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Oct 20, 2015 Robin Meadow
Reversing a defense judgment, the Court of Appeal holds that Labor Code section 98.7 does not require an employee to exhaust that statute’s administrative remedies before filing suit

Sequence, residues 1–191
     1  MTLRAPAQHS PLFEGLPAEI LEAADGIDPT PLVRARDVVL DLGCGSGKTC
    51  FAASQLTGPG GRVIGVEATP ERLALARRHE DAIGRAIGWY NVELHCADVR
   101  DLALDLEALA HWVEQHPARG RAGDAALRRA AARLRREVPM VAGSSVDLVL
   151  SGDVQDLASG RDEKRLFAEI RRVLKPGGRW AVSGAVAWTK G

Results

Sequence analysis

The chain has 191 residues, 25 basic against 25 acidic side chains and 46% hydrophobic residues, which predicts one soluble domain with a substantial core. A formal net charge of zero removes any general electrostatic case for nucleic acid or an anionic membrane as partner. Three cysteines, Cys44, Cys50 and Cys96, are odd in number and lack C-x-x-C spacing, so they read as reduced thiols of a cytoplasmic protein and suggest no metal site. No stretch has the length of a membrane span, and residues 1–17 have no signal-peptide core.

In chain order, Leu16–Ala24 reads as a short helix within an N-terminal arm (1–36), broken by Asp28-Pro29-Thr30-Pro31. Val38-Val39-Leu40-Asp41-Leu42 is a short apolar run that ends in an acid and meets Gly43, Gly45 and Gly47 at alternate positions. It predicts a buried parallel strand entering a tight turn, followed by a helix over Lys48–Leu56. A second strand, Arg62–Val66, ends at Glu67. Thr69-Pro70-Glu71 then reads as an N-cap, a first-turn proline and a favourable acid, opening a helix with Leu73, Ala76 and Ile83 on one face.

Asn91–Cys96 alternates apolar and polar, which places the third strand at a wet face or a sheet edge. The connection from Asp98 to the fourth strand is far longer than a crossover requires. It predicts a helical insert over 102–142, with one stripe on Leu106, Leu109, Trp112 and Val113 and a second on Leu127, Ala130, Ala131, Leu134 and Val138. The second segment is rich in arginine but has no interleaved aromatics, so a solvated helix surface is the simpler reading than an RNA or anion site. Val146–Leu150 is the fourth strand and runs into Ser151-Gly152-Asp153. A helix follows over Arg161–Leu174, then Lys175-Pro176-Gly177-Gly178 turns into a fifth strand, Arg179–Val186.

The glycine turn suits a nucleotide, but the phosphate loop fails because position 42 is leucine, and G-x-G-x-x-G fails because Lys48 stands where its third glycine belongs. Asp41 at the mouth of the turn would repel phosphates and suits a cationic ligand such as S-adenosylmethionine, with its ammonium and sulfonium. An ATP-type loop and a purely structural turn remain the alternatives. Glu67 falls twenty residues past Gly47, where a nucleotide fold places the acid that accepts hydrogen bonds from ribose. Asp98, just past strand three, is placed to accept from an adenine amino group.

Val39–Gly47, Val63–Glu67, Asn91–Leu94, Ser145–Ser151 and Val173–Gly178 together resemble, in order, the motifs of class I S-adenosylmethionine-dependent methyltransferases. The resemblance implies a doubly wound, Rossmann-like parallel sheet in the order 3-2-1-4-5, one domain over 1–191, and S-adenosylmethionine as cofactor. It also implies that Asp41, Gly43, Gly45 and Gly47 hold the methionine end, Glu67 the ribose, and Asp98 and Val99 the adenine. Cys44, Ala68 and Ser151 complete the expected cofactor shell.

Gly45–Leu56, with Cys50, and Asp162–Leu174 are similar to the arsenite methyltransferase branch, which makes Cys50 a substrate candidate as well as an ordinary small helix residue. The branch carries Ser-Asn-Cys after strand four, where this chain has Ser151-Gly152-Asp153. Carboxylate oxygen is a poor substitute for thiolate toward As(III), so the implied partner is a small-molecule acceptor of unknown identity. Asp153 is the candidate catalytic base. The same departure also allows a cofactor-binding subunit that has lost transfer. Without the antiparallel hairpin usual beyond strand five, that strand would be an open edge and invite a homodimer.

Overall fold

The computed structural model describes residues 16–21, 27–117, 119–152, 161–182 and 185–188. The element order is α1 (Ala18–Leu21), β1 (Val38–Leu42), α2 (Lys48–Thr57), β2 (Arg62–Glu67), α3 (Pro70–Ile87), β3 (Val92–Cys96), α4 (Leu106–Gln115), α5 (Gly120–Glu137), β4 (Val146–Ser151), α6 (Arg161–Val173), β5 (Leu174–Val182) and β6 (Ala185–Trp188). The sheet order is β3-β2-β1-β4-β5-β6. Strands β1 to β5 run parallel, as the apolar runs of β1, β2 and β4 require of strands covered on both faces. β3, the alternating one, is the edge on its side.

Sheridan v. Touchstone Television Productions, Inc. (2015) 241 Cal.App.4th 5080 (California Court of Appeal, Second Appellate District, Division Four) [published]. Nicollette Sheridan played Edie on Desperate Housewives until, she alleged, she was fired for complaining about a supervisor’s abusive conduct. She sued, alleging retaliatory discrimination under Labor Code section 6310 (concerning the rights of “[a]ny employee who is discharged, threatened with discharge, demoted, suspended, or in any other manner discriminated against in the terms and conditions of employment by his or her employer” because of complaints “of unsafe working conditions, or work practices”). Touchstone successfully demurred on the ground that she failed to exhaust the administrative remedy provided by Labor Code section 98.7. Representing Sheridan on appeal, GMSR argued that this remedy is optional with the employee because the statute says that the employee “may” pursue the remedy and the Labor Code explicitly defines “may” as permissive. GMSR also argued that 2013 legislation making the statute explicitly optional was a clarification of earlier legislation rather than a change in the law, so that it applied to Sheridan’s claim and eliminated any exhaustion requirement. The Court of Appeal agreed with both arguments and reversed.

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